Unconventional and completely new, the Ricoh GXR camera system may change the way we think about the relationship between cameras and sensors. Richard Sibley examines the new system
Build and handling
Both the body and camera units are made of magnesium alloy, and the result is a reassuringly solid camera. To look at, the GXR can best be described as having a minimalist military style, similar to that of the Ricoh GX200 and GR Digital II cameras.
With its gun-metal black finish, the GXR lacks the retro charm of the Olympus E-P1 and the sleek look of Panasonic’s GF1, but it still owes much to previous Japanese film cameras, particularly the Contax G2.
In terms of size, the GXR is a little smaller than its Micro Four Thirds-format competitors. In fact, excluding the lens protrusion, it is closer in size to the Canon PowerShot G11. With the S10 camera unit attached, the GXR is compact enough to fit in a coat pocket, although fitting the larger A12 unit will require the camera to be carried in a case or bag.
However, carrying the lens and body units separately means it is possible to carry all three easily in different pockets, and with the lenses being sealed in the camera unit, the possibility of dust affecting images shouldn’t be an issue.
Each of the camera units slide very easily into place on the body unit, where a loud click confirms that the electronic and mechanical connections have locked in place. Detaching a camera unit from the body is as straightforward as releasing a catch and sliding the unit off the body.
On the rear of the GXR body unit is a standard array of camera controls. Although they are all easy enough to use once you are familiar with the camera, I would have made a few changes to improve the GXR’s use. I feel that the zoom control on the rear of the camera is placed too far to the right. It would be better placed in the position currently occupied by the ADJ rocker switch so that it could be easily adjusted while using the camera.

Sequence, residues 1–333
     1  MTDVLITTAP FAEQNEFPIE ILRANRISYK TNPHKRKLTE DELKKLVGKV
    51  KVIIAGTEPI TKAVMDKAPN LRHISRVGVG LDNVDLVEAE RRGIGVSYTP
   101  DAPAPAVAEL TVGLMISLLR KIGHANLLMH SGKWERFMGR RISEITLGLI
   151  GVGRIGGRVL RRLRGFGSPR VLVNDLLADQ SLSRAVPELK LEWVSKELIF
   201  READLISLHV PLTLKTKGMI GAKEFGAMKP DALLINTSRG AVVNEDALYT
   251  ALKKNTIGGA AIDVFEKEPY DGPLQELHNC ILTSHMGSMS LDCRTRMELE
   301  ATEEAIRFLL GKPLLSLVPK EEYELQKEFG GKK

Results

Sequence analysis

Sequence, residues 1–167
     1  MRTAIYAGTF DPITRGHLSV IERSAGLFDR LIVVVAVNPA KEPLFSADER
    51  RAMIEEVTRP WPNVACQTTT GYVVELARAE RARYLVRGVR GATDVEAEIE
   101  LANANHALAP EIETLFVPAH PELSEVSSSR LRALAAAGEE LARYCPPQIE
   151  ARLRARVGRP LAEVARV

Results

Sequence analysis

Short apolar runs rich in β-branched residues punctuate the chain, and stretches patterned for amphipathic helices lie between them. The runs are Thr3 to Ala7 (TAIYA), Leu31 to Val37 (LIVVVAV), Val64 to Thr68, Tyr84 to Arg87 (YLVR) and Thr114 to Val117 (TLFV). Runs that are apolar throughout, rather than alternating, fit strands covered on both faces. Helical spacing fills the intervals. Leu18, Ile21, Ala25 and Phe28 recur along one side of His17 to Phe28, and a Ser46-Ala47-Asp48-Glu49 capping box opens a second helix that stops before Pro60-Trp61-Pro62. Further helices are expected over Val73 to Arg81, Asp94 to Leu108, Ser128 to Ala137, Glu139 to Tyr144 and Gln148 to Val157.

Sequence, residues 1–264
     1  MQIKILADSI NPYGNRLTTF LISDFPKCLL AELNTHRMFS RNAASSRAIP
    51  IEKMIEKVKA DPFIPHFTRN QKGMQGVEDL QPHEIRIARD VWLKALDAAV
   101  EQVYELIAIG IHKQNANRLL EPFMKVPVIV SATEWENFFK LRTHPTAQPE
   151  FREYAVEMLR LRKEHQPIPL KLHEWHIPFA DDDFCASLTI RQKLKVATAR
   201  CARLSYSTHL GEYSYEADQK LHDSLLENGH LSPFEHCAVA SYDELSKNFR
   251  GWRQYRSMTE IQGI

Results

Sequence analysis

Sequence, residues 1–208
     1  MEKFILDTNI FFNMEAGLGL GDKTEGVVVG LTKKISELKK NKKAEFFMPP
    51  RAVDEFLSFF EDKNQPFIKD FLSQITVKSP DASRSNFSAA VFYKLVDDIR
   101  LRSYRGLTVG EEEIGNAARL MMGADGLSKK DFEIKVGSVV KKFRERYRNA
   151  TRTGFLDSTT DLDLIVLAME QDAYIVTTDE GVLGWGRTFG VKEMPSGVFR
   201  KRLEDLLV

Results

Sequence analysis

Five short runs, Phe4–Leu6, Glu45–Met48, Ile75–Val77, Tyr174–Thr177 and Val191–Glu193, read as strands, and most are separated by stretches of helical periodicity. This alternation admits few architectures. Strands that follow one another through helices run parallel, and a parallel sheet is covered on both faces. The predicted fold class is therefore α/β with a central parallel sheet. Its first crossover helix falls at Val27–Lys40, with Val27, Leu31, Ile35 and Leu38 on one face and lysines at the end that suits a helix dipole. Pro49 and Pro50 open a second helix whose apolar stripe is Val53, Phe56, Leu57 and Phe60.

The ADJ switch itself is something of an oddity. Rocking it from left to right does nothing, except change the shutter speed when in manual exposure mode. To use it fully, it must first be pressed in. This reveals a customisable settings menu, which, by default, allows you to change the white balance, ISO sensitivity, image quality, image style and AE/AF point. To switch between these settings, the left/right rocker switch or standard four-way control buttons can be used.
However, as the standard four-way control dial must then be used to adjust the individual settings, the left/right rocker switch becomes almost redundant. However, with the GXR system potentially having so many different directions, it is likely the ADJ button will play a large part in the use of future accessory units.
Most of the settings you regularly need to change can be found by pressing the Direct button, which is located above the LCD screen. This displays the current shooting and exposure settings, and includes most of the options that are found in the ADJ menu. All the other settings can be revealed by pressing the Menu/OK button.
It is worth noting that the body unit can be operated without a lens unit attached. At present this only really makes it useful for reviewing images, but it opens up the possibility that the GXR body could be attached to other units that would allow images to be displayed, printed, organised or even edited.